Ashwin Soni, a UW Medicine resident from the United Kingdom, known for his pocket squares, persistence and surgical skills, talks about why he took the unusual to study in the United States rather than the UK.  While all his classmates were getting jobs in medicine, Soni moved back home, volunteered at a hospice and looked for research jobs in the United States. After two year-long stints at other hospitals, he was one of 10 people interviewed for a six-year plastic surgery resident spot at UW.

When he was accepted, Soni said it was one of the best days of his life. “I don’t think I’ve ever been so emotional, but I had to control myself on the phone. We are quite proper in the UK and I didn’t want my future boss to think he’d hired a lunatic.” Soni said you can’t match the experience at UW, which covers the entire Northwest. See story on HSNewsBeat.

 

Awards Bar

UW Medicine researchers among most influential scientific minds

IHME Director Christopher Murray listed as one of the nation's hottest scientists. (Photo by Erika Schultz/The Seattle Times.)
IHME-Director-Christopher-Murray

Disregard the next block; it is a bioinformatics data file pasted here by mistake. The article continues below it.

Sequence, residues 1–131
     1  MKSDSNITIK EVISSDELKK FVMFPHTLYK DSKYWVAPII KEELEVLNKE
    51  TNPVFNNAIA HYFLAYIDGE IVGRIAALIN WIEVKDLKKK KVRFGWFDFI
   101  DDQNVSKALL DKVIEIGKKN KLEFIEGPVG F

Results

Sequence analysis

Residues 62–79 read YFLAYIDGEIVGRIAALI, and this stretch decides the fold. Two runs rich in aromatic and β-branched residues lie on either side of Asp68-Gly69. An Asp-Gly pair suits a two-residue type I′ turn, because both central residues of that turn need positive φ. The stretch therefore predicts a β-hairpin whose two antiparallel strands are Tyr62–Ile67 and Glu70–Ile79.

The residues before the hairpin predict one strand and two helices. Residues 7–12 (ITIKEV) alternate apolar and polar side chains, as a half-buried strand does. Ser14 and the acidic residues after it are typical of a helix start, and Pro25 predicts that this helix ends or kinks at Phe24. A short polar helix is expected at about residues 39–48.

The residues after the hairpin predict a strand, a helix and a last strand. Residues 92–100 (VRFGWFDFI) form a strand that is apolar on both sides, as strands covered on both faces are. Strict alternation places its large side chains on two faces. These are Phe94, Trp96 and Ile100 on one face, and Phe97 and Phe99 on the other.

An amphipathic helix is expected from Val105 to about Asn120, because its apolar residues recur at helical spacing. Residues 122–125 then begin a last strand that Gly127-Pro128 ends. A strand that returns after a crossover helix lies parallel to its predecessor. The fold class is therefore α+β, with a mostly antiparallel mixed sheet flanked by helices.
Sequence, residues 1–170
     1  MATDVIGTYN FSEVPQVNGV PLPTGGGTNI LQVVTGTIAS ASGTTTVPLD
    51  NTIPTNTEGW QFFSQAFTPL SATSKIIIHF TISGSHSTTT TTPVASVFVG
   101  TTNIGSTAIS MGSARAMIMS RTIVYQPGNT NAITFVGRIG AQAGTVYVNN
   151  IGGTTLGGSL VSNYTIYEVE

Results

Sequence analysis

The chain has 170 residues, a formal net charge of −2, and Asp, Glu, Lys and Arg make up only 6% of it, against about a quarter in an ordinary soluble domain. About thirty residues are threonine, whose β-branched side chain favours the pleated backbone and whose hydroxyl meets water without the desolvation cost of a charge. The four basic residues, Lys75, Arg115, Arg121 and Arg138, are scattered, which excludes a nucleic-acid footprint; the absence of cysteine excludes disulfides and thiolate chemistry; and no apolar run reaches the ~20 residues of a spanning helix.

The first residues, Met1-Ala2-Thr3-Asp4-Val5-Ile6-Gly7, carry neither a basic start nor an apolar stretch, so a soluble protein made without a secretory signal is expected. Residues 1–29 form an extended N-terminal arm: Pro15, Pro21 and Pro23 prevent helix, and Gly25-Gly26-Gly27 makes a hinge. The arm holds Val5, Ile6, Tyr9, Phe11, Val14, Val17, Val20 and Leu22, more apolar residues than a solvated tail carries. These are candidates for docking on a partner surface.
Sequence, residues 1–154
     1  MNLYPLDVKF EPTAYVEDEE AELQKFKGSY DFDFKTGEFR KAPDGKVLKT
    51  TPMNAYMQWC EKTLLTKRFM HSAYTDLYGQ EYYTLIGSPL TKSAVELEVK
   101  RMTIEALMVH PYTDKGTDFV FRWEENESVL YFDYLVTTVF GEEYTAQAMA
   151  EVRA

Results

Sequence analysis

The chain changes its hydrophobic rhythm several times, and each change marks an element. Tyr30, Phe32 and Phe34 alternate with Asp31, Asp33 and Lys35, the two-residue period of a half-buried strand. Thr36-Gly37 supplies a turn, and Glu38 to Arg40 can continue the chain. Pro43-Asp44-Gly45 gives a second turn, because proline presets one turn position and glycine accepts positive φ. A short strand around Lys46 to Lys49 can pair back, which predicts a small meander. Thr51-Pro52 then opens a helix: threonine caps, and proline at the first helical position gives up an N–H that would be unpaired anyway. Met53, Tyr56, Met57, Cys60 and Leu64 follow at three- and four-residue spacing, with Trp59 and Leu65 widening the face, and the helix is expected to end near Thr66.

UW is among the top 20 institutions internationally in cited research, according to a report released by ThompsonReuters Jan. 14. The company compiled this year’s most influential researchers by analyzing citation data from 2003-2013. ThompsonReuters also identified “hot researchers,” authors of papers published between 2013 and 2014 that were immediately cited at extraordinarily high levels.

Of the 19 scientists named as the world’s hottest researchers of today, four are from the UW Institute for Health Metrics and Evaluation (IHME): Christopher J. Murray, director of IHME and UW professor of global health; Alan D. Lopez, UW affiliate associate professor of global health and University of Melbourne, Australia, associate professor; Theo Vos, professor of global health and Mohsen Naghavi, professor of global health. For more on the story and who was selected as leaders in their field, see coverage on HSNewsBeat.

Congratulations to MLK awardees

UW SACNAS members (from left to right) Daniel Chee, Monica Sanchez, Zoi Sychev and Joe Camacho. (Photo by Andrew Tat for UW Daily.)
UW-SACNAS-members

At the annual Martin Luther King, Jr., celebration among UW Health Sciences schools January 13, several people and groups were honored for carrying the ideals of the slain civil rights leader. UW Medicine awardees were the UW chapter of the Society for the Advancement of Chicanos and Native Americans in Science (SACNAS) and Nancy Dolan, a program support advisor for the UW Medical Center.